After a hurricane

 If you evacuated, return home when local officials tell you it is safe. Officials on the scene are your best source of information on accessible areas and passable roads.

 Venture outdoors carefully. Power lines are likely to be down; be careful where you step. Keep your pets inside as much as possible.

 Help a neighbor who may require special assistance -- infants, elderly people and people with disabilities.

 Stay away from disaster areas; don't sight-see.

 Do not drive through a flooded area. Approach every intersection as a four-way stop. Avoid weakened bridges and washed-out roads.

 If possible, let friends, relatives and your employer know you are safe.

 Keep all calls, land-line and wireless, to a minimum to allow emergency calls to get through. If you hear a fast busy signal, phone use may be at capacity. The Web may also be affected.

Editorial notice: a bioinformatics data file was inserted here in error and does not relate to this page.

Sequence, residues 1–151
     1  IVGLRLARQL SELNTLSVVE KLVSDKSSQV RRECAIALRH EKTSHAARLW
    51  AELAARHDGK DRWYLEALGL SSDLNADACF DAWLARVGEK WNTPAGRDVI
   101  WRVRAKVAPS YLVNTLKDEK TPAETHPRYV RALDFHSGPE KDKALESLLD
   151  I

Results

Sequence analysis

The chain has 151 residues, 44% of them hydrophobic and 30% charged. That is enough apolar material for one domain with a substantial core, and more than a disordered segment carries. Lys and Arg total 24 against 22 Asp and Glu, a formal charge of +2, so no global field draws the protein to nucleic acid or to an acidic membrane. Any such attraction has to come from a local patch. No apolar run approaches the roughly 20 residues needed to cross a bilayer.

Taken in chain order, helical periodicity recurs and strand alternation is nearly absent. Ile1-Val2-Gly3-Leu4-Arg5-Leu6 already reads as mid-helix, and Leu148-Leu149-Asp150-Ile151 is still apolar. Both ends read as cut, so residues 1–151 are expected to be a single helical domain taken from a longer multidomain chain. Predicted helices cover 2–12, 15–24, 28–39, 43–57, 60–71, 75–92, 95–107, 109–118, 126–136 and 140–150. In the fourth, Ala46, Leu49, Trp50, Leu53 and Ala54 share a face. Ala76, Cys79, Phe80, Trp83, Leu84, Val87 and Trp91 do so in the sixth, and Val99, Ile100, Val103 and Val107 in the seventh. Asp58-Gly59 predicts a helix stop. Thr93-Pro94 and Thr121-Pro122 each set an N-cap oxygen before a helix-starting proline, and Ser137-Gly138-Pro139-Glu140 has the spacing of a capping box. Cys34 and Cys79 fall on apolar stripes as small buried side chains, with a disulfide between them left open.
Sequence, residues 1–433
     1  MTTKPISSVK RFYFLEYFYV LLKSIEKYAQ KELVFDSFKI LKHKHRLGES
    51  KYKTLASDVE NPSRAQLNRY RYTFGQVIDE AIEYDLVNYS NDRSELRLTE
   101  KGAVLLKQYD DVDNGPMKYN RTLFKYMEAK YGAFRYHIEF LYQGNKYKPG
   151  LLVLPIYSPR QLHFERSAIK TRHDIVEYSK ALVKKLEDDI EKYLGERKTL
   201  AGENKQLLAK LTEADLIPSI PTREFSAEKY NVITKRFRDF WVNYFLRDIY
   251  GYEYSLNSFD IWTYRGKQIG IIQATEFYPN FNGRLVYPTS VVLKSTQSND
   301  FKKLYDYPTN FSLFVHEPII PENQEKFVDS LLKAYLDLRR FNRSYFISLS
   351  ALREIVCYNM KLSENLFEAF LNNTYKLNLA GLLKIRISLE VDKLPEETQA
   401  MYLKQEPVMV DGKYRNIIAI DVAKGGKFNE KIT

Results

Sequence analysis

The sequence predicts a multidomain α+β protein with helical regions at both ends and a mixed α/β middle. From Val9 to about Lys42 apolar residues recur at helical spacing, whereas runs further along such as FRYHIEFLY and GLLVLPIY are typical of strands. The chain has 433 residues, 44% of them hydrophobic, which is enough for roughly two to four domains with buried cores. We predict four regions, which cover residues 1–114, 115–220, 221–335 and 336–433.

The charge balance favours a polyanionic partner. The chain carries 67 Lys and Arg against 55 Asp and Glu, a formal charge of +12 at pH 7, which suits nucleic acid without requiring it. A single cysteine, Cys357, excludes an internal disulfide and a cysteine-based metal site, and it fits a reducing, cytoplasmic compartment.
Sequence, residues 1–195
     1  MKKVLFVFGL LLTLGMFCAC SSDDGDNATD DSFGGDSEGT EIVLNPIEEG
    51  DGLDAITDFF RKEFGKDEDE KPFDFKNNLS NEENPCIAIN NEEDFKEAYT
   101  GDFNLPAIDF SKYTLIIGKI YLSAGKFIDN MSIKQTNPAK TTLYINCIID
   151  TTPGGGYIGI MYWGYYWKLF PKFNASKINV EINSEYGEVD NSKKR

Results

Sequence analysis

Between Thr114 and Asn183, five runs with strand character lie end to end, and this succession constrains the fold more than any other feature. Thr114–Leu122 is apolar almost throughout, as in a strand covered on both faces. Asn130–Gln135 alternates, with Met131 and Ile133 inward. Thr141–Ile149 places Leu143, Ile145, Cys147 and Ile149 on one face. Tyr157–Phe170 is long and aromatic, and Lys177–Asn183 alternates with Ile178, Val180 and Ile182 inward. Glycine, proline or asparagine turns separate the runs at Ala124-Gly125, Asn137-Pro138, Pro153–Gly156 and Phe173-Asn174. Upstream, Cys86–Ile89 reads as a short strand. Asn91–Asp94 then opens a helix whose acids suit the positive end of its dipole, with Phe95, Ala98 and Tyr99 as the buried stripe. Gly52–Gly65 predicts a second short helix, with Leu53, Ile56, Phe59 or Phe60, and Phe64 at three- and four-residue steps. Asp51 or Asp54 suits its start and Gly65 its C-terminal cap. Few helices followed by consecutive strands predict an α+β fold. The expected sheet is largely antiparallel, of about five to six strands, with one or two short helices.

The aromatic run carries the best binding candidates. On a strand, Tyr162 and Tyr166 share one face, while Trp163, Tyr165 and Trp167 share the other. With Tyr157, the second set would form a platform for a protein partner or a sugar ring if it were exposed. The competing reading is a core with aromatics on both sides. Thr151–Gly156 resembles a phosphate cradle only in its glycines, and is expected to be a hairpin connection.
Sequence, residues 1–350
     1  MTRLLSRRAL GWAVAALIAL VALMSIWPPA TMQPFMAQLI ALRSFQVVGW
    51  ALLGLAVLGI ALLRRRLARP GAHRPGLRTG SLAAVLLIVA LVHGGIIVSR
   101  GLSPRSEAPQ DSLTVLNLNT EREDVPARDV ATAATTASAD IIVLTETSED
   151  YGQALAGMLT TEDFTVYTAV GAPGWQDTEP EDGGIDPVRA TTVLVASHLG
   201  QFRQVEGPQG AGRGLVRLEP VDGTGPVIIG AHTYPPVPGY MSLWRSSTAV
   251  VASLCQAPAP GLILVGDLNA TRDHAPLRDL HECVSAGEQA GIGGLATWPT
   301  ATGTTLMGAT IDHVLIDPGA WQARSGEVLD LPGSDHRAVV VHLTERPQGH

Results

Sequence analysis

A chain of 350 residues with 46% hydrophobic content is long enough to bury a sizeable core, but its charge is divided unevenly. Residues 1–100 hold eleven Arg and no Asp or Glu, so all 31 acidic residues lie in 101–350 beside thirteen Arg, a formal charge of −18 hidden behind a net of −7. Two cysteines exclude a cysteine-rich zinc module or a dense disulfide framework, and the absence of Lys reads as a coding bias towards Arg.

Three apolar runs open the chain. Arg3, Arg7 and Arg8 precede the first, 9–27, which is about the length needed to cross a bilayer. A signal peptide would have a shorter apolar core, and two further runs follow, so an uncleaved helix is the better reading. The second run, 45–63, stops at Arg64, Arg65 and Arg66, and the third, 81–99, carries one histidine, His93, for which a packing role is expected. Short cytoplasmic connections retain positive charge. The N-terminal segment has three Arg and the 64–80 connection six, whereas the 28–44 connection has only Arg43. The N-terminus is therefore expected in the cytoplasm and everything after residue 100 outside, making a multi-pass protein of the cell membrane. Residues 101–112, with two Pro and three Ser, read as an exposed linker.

Find out if your water supply is safe.

 Watch out for wildlife and insects that have been driven to higher ground.

 Local, state and federal agencies will respond as quickly as possible, but count on being self-sufficient for at least three days.

 If you do not have the supplies you need, go to a relief site as quickly as possible. Public, private and volunteer agencies may be able to get you water, food, medical attention and shelter.

 Monitor local media for vital information such as recovery facilities, insurance company field offices and shelter if you need it.

 Keep all receipts for items you buy before power is restored. Your insurance or governmental assistance may cover some expenses.

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